Cynomolgus / Rhesus macaque CTLA-4, Fc Tag (CT4-C5256) is expressed from human 293 cells (HEK293). It contains AA Ala 37 - Ser 160 (Accession # G7PL88-1 ). In the region Ala 37 - Ser 160, the AA sequence of Cynomolgus and Rhesus macaque CTLA-4 are homologus.
Predicted N-terminus: Ala 37
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This protein carries a human IgG1 Fc tag at the C-terminus
The protein has a calculated MW of 39.9 kDa. The protein migrates as 42-50 kDa under reducing (R) condition, and 80-100 kDa under non-reducing (NR) condition (SDS-PAGE) due to glycosylation.
Less than 1.0 EU per μg by the LAL method.
>90% as determined by SDS-PAGE.
Lyophilized from 0.22 μm filtered solution in 50 mM Tris, 100 mM Glycine, pH7.5 with trehalose as protectant.
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Please see Certificate of Analysis for specific instructions.
For best performance, we strongly recommend you to follow the reconstitution protocol provided in the CoA.
For long term storage, the product should be stored at lyophilized state at -20°C or lower.
Please avoid repeated freeze-thaw cycles.
This product is stable after storage at:
- -20°C to -70°C for 12 months in lyophilized state;
- -70°C for 3 months under sterile conditions after reconstitution.
Cynomolgus / Rhesus macaque CTLA-4, Fc Tag on SDS-PAGE under reducing (R) and non-reducing (NR) conditions. The gel was stained overnight with Coomassie Blue. The purity of the protein is greater than 90%.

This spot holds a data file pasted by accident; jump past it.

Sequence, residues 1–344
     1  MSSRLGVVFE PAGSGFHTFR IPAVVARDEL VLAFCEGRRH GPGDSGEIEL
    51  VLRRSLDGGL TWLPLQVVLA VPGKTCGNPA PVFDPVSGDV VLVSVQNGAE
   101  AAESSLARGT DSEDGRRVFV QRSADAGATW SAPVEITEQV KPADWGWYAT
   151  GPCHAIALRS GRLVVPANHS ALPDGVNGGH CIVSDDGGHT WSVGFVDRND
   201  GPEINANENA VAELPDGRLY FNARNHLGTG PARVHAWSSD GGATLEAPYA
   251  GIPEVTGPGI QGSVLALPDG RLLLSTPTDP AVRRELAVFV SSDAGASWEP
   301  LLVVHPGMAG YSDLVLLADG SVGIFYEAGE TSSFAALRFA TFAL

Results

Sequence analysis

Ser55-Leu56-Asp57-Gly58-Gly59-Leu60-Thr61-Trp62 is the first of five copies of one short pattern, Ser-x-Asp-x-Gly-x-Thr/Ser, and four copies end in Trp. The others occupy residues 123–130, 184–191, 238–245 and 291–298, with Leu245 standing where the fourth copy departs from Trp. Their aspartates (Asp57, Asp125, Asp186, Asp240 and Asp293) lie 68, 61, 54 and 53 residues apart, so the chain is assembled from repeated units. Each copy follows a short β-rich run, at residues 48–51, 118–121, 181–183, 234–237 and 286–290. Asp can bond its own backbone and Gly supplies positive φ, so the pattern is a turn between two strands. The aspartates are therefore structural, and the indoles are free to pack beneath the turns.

Immobilized Cynomolgus / Rhesus macaque CTLA-4, Fc Tag (Cat. No. CT4-C5256) at 5 μg/mL (100 μL/well) can bind Cynomolgus / Rhesus macaque B7-1, His Tag (Cat. No. CD0-C52H3) with a linear range of 0.039-1.25 μg/mL (QC tested).
CTLA-4 (Cytotoxic T-Lymphocyte Antigen 4) is also known as CD152 (Cluster of differentiation 152), is a protein receptor that downregulates the immune system. CTLA4 is a member of the immunoglobulin superfamily, which is expressed on the surface of Helper T cells and transmits an inhibitory signal to T cells. The protein contains an extracellular V domain, a transmembrane domain, and a cytoplasmic tail. Alternate splice variants, encoding different isoforms. CTLA4 is similar to the T-cell co-stimulatory protein, CD28, and both molecules bind to CD80 and CD86, also called B7-1 and B7-2 respectively, on antigen-presenting cells. CTLA4 transmits an inhibitory signal to T cells, whereas CD28 transmits a stimulatory signal. Intracellular CTLA4 is also found in regulatory T cells and may be important to their function. Fusion proteins of CTLA4 and antibodies (CTLA4-Ig) have been used in clinical trials for rheumatoid arthritis.